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Basic Banjo Setup Fundamentals

Monday, March 27, 2023

Basic Banjo Setup Fundamentals (For Mastertone Style Banjos)


1. Head tension - Start with an A tuned head for maximum response. Adjust from there for personal preference.
2. Bridge - Try a 2.0 gram bridge for maximum response. Go slightly heavier if too crisp. Snuffy Smith New Generation and Sullivan Roasted are good all-around choices. There are others. Correct bridge placement is also crucial. Measure from the nut to the 12th fret and repeat that measurement from the 12th fret to the top of the bridge and add approximately 1/32nd and that should get you in the ballpark. Fine tune from there with harmonics and such.
3. Tailpiece - Presto (no screw) with not too much downward pressure approx 1/4"+ off the head. Let your banjo "breathe". Experiment where yours sounds the best by adjusting the TP up or down. Loosen the strings before adjusting. Don't let a Presto TP rest on the top of the stretcher band. Always leave a gap. Gently bump the back of the TP after adjusting to make sure it's seated properly. 
4. Strings - Try light gauge strings. 9.5-22-13-10-9.5 You might be surprised at how much richer and vibrant the tone can be with lighter gauge strings. More precise and responsive with easier fingering too. You may also find you can lighten up with your right hand.
5. Truss Rod - It's surprising how much slight adjustments to the truss rod can affect the overall tone. A much overlooked setup fundamental. You need a slight forward bow or relief in the neck to allow the strings to vibrate properly. Not too much though or it will cause intonation problems. Tiny adjustments at a time. If you need a lot of bow to keep the strings from buzzing try a higher bridge instead. 2-way truss rods are usually clock-wise to straighten/counter-clockwise to relieve. Single truss rods only straighten one way. 
6. Coordinator Rods - Firmly tighten on the neck side without crushing the wood. Tailpiece side should be just over hand tight. Neutral. There is some wiggle room with this though. Some banjos may need a bit more tweaking but remember anytime you tighten beyond neutral you are warping the rim. Never a good solution long term.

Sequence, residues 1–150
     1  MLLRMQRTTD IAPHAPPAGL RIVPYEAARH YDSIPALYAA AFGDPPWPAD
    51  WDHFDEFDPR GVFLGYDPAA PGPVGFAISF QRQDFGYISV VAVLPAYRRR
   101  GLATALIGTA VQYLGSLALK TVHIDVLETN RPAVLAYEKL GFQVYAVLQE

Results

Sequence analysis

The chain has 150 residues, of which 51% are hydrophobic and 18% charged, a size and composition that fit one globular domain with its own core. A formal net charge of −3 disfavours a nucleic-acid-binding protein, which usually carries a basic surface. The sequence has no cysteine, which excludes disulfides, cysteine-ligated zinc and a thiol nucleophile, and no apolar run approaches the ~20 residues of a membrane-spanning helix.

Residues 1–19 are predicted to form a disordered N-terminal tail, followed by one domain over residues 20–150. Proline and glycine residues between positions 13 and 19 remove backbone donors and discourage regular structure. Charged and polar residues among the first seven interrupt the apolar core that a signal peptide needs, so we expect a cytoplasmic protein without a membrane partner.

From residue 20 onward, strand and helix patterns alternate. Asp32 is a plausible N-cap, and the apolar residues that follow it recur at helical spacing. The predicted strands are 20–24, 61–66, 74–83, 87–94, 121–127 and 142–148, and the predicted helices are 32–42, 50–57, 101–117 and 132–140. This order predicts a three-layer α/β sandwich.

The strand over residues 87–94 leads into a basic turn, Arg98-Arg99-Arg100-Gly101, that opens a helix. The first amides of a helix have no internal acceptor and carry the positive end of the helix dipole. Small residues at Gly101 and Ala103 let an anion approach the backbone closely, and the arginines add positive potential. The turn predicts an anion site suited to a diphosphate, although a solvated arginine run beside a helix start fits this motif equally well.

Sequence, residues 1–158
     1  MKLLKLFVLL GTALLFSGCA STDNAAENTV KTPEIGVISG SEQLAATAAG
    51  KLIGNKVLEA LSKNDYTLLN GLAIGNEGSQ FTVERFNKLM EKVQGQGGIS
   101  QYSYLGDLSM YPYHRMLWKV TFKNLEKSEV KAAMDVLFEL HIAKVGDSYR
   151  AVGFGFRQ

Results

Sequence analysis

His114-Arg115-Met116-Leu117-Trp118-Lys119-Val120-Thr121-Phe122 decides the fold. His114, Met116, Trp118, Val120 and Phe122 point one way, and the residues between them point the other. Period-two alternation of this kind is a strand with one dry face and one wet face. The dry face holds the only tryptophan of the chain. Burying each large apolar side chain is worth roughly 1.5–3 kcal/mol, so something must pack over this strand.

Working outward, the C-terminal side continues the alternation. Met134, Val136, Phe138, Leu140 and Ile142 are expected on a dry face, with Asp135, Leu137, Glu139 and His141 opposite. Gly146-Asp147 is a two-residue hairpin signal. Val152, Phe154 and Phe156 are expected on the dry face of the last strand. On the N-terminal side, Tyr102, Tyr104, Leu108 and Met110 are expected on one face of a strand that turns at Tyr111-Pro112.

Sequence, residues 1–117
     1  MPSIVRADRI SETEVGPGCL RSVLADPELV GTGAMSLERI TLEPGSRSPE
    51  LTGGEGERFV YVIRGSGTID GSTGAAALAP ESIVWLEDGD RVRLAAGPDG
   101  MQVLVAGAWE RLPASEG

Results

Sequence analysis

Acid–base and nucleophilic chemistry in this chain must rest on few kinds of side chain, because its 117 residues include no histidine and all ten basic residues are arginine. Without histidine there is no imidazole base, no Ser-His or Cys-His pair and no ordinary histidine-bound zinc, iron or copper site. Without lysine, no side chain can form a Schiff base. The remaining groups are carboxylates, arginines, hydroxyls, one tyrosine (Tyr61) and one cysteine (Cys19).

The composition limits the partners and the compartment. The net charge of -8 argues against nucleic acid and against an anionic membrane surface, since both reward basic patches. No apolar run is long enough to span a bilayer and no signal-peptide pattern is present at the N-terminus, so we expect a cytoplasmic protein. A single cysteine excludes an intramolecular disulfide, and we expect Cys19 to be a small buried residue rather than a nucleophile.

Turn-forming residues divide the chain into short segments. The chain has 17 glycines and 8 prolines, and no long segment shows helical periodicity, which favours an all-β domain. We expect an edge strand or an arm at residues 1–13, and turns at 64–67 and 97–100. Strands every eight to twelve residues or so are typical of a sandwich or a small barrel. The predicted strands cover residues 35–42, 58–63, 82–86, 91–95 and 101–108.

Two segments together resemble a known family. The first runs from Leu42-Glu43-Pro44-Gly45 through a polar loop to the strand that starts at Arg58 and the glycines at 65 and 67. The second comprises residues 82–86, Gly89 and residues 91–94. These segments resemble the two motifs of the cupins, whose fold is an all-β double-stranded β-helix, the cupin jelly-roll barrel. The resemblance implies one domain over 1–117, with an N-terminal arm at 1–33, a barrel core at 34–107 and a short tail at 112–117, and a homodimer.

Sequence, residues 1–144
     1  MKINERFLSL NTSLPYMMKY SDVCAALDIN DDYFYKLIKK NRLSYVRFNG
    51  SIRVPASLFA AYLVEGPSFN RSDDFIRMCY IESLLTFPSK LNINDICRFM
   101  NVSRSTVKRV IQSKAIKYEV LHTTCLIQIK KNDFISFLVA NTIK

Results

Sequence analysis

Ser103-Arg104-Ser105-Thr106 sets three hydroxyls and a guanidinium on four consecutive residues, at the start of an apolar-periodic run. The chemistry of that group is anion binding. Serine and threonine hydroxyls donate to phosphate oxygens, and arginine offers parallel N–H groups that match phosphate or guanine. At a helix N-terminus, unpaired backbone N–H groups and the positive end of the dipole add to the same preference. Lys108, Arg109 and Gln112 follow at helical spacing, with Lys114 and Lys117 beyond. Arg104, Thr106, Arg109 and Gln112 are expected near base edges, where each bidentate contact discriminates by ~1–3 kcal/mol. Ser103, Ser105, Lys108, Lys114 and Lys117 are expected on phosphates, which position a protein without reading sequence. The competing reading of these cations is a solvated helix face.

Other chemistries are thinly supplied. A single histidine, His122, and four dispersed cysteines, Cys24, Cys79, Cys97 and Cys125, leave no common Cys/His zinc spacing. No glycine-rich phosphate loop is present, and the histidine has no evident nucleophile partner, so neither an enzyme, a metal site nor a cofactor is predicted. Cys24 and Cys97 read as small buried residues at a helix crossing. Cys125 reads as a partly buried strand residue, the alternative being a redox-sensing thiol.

7- Tone Ring Fit - Probably the most arguable setup opinion of them all. Some say tight, some say slip fit, some say loose. I can only relay my experiences. I've had all kinds of different fitment scenarios and to be honest, it's the last thing to try after all other setup options have been exhausted because it's difficult to do and permanent once you alter the rim. If it sounds good to you as is leave it alone because that's really all that matters. If it doesn't then it's usually due to being overly tight and/or the ring is not seating properly on the top of the rim. That's more important from my experience than how loose it is. Take a little off at a time if that's the case. Use a feeler gauge to check proper seating. If the fit is loose, I've never had great results shimming between the skirt and the rim to tighten it up. It tends to dampen the tone from my experience. I have had sloppy fits that sound great once all the other setup procedures have been done. It's one of those things where as long as you have a decent quality tone ring properly seated on top of the rim a loose fit usually works out quite well. Overly tight usually doesn't. 

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Playing Since: 1975
banjoez has made 75 recent additions to Banjo Hangout 

Occupation: Retired Senior Network Engineer

Gender: Male
My Instruments:
Ones with long, skinny strings.




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Created 7/18/2007
Last Visit 12/4/2023

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